Marie Stella, MA, MS, is a landscape historian and designer with Graduate Certificates in Landscape Design and Landscape Design History from Radcliffe College, Harvard University. Her design firm specializes in environmental landscapes, and in initiatives to foster the preservation of open space.  She lectures frequently and leads local and foreign Garden History Tours. Marie teaches at The Landscape Institute, Boston Architectural College.  Her design projects include a 3/4 acre environmental New York City Park, “El Jardin del Paraiso,” and a Teaching Herb Garden at the Massachusetts Horticultural Society, Wellesley, MA.  She is a Gold Medal winner at the New England Flower Show, and has exhibited at The Urban Center, New York City, and the National Conference of the Association of Professional Landscape Designers.  Marie is  Past President of the Environmental Consultants’ Council, GCFMA.

CAREER GOAL: To research, plan and implement the construction of environmental landscapes, to foster the preservation of open space.

EDUCATION: Radcliffe College, Harvard University, Cambridge, MA, Graduate Certificate in Landscape Design, 1994; Graduate Certificate in Landscape Design History, 1998 Lesley College, Cambridge, MA, Master of Science in Management New School University, New York, NY, Graduate Program in Fund Raising New York University, New York, NY, Master of Arts in History Vassar College, Poughkeepsie, NY, Bachelor of Arts in History

EMPLOYMENT: Director, Beaver Lodge Environmental Learning Center, Shelburne Falls, MA. Environmental Landscape Design, historic landscape documentation and research, adjunct faculty in landscape design at universities, lecturer for cultural organizations and horticultural societies, organizer of foreign garden history tours.

CURRENT TEACHING POSITIONS: Graduate, undergraduate and certificate courses. Adjunct faculty, Landscape Institute, Boston Architectural College.

PROFESSIONAL AFFILIATIONS: New England Landscape Design and History Association, Ecological Landscaping Association, Northeast Sustainable Energy Association, (NESEA), Accredited in Organic Land Care (NOFA), Landscape Design Council, Garden Club Federation of Massachusetts, (Master Certification), National Council of State Garden Clubs (Accredited Environmental Consultant), Master Gardener. Past President, Environmental Consultants’ Council, GCFMA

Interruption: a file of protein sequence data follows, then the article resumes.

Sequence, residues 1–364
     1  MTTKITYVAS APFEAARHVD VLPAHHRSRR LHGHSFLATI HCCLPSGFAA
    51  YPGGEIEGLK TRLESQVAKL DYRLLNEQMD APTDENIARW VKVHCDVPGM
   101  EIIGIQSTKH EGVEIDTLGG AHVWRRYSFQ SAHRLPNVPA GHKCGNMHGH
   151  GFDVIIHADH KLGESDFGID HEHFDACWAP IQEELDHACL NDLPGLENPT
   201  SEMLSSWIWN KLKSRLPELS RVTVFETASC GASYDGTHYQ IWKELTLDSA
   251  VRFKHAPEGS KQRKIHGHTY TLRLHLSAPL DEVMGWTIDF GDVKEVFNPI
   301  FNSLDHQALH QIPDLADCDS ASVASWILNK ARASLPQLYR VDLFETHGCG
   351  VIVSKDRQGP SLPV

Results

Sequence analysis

Gold Medal, New England Flower Show, Boston, MA Platinum LEED (Leadership in Energy and Environmental Design) US Green Building Council, Washington, DC

EXHIBITIONS: Urban Center, New York City National Conference of the Association of Professional Landscape Designers, New York City Landscape Institute, Harvard University National Solar Tour, 2008- 2011.

CURRENT PROJECT: Beaver Lodge, a PLATINUM LEED rated home and sustainable landscape, offering one to three day intensive field study of all ages.

PRESS/TV: Northeast Sun  Green Buildings Open House Showcase, Design New England Magazine, Discovery Channel, Planet Green TV, Renovation Nation

Beaver Lodge Environmental Learning Center Illustrating the Integration of Art, Technology and Environment

Frustrated by a year-long intensive search for the ‘right house’, it finally became apparent to me that if I wanted to pursue a green agenda, I would have to construct my own environmentally engineered home. I was intrigued by the challenge of striving for LEED Platinum. As a Landscape Historian and Designer, The Renaissance ideal of the harmony of art and technology influenced me, and drives the design of systems for my teaching and landscape laboratory, “Beaver Lodge.” Surrounded by acres of forest protected by conservation restrictions, the house overlooks a large pond thriving with wildlife.


My holistic approach addresses environmental responsibility, sustainability and attractiveness. I give a great deal of thought to the aesthetics of each situation I encounter, balancing the function of innovative, emerging technology with minimal negative impact on the ecology of the site.


I believe “Beaver Lodge” reflects its local context and provides constant intimate contact with natural systems. Shifting views inside and outside are linked with arbors, patio and deck in a transparent house that is one room wide and sited for passive solar orientation and maximized daylighting. The healthy, stress-less atmosphere provides both relaxation and engagement. We can follow Thoreau’s advice to build our own home, as a bird builds its nest: 

                  If you build castles in the air, your work need not be lost; that is where they should be.  Now put the foundations under them. —Walden